A few doors down from Clementina’s house in Cudillero stood a narrow building completely covered in seashells. This was the home of Antoni, Tono for short, which he’s converted into a small museum to display his father’s extraordinary work. Tono’s father, Virgilio González Antón, began creating art work with seashells after he retired. Over his years as a fisherman and yacht pilot, González amassed a huge collection of shells, coral, shark teeth, and fishing memorabilia. With them, he began to ornament the exterior and interior of his home. He also created dozens of art works; from pictures and picture frames, to sculptures and little treasure boxes. All of it now stands as a testament to his life on the sea.
González passed away last year at the ripe old age of 90, and Tono has turned his incredible collection into a mini museum. Although not listed on any tourism websites as a local attraction, the Cudillero shell house is a real hidden gem. What really made the experience, though, was getting to meet Tono. As he showed us around his father’s work, explaining the history of it all and pointing out key pieces, Tono’s eyes were bright with passion. It was a really moving experience and a fascinating local story. Yet another example of the beauty you can discover by exploring off the beaten track.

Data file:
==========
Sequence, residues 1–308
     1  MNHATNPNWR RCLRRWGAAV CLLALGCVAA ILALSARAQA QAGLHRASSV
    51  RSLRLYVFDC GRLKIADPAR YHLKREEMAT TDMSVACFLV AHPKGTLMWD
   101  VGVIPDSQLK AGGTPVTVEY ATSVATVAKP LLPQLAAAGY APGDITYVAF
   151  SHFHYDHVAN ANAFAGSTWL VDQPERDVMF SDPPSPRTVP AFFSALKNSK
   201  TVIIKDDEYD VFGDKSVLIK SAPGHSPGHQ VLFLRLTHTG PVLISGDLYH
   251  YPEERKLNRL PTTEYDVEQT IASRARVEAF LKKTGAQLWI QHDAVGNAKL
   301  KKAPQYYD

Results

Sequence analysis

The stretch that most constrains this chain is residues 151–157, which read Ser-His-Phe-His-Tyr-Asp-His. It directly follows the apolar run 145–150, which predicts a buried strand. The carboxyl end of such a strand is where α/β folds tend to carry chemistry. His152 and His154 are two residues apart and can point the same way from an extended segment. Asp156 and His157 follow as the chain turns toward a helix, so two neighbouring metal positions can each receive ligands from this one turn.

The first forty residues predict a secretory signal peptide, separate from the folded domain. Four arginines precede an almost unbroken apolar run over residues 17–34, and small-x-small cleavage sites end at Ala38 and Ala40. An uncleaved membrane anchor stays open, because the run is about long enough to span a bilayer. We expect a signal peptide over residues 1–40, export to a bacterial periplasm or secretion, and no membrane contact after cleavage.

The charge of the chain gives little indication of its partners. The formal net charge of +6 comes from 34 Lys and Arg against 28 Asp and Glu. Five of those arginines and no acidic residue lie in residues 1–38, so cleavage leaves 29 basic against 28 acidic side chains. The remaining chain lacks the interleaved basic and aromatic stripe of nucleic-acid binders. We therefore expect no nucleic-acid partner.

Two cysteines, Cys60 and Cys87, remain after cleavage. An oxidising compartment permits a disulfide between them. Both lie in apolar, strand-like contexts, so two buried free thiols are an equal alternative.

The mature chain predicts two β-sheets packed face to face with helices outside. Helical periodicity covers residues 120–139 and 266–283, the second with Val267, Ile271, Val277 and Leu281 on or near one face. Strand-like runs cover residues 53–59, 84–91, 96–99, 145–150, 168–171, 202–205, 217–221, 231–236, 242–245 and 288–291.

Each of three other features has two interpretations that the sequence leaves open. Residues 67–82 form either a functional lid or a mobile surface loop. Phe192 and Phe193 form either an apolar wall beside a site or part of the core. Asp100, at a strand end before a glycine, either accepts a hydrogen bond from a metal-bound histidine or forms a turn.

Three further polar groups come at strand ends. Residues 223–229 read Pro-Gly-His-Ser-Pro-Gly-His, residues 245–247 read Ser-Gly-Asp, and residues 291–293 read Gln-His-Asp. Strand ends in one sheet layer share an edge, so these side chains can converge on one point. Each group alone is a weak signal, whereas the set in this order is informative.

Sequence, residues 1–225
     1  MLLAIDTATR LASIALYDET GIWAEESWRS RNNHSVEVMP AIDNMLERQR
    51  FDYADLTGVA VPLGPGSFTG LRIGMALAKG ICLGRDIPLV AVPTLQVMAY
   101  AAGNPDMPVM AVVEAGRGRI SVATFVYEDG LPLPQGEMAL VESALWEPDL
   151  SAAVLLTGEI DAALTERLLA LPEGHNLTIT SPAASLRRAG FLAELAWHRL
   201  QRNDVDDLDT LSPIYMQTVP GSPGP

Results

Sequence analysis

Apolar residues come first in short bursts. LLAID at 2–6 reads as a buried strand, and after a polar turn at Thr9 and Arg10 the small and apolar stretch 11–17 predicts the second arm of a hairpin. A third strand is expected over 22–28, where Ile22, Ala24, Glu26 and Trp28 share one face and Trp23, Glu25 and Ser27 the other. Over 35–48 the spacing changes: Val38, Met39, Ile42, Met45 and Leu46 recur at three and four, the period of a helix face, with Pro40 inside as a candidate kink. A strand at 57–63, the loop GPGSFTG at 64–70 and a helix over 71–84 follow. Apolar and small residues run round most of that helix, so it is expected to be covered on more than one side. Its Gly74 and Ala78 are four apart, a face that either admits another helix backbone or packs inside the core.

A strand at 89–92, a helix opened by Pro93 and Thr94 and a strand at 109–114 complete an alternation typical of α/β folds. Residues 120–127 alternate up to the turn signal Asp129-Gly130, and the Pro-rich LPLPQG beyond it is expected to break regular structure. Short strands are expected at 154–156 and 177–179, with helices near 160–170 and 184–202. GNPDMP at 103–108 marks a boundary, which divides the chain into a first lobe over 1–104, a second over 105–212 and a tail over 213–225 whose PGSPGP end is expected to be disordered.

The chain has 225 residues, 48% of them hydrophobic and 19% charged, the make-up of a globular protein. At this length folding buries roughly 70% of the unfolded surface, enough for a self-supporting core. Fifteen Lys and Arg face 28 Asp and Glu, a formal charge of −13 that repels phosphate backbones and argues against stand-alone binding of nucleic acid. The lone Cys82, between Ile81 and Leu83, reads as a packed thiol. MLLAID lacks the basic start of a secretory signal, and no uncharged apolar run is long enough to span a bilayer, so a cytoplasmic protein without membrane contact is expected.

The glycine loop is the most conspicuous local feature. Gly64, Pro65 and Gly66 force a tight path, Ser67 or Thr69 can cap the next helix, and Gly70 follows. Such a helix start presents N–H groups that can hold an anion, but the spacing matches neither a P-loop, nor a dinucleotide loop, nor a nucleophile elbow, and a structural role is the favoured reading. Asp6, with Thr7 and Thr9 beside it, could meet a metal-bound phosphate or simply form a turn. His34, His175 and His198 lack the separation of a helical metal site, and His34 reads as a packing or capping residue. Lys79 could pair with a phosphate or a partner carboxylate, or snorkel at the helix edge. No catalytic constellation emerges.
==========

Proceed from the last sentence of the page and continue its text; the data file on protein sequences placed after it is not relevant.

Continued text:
“Orgullosos de ser quienes somos.”
Celsina Gonzales, Celsa for short, works with her sister in the family-run corner shop Casa Celsa in Lamuño. This is another hidden gem that’s deliciously off the beaten path. Established by Celsa’s grandfather, Jesús González Suárez, in 1914, the store – which seems to sell simply anything and everything – is over 100 years old and one of the oldest shops in the region. These days, the shop is still going strong. It’s walls are lined with shelves stuffed with a mishmash of groceries, stationary, sweets, tins, and bottles. They sell everything, and it all comes with a slice of local history.
A sign on the door reads “orgullosos de ser quienes somos”: “we are proud to be who we are”. It’s a lovely sentiment, and one that’s evident when you talk to Celsa. When I asked after the store’s origins, she was quick to produce the family photos, talking us back through the century that’s seen this little shop passed down from generation to generation. This kind of pride was apparent in almost all the local I met in Asturias, and it was infectious. When people love their home this much, it’s almost impossible not to echo the sentiment.
My visit to Asturias was as part of a press trip organised by The Travel Mob on behalf of El Camino Santiago and TurismoAsuturias for the #InGreenSpain and #VisitSpain campaigns. As always, all views and opinions (except quotes) are entirely my own and without bias.